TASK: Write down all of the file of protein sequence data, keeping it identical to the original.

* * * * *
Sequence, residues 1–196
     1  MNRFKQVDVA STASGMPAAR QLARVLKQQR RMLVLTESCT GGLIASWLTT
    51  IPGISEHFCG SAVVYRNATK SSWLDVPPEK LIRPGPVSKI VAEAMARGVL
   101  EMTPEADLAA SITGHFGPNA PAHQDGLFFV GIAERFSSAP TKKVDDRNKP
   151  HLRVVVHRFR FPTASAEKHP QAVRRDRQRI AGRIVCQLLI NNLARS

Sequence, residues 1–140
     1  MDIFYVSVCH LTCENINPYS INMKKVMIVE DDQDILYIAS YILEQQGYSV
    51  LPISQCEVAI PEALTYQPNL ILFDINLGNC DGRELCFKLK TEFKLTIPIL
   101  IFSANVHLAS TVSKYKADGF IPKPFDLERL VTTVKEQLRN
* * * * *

Sequence, residues 1–196
     1  MNRFKQVDVA STASGMPAAR QLARVLKQQR RMLVLTESCT GGLIASWLTT
    51  IPGISEHFCG SAVVYRNATK SSWLDVPPEK LIRPGPVSKI VAEAMARGVL
   101  EMTPEADLAA SITGHFGPNA PAHQDGLFFV GIAERFSSAP TKKVDDRNKP
   151  HLRVVVHRFR FPTASAEKHP QAVRRDRQRI AGRIVCQLLI NNLARS

Sequence, residues 1–140
     1  MDIFYVSVCH LTCENINPYS INMKKVMIVE DDQDILYIAS YILEQQGYSV
    51  LPISQCEVAI PEALTYQPNL ILFDINLGNC DGRELCFKLK TEFKLTIPIL
   101  IFSANVHLAS TVSKYKADGF IPKPFDLERL VTTVKEQLRN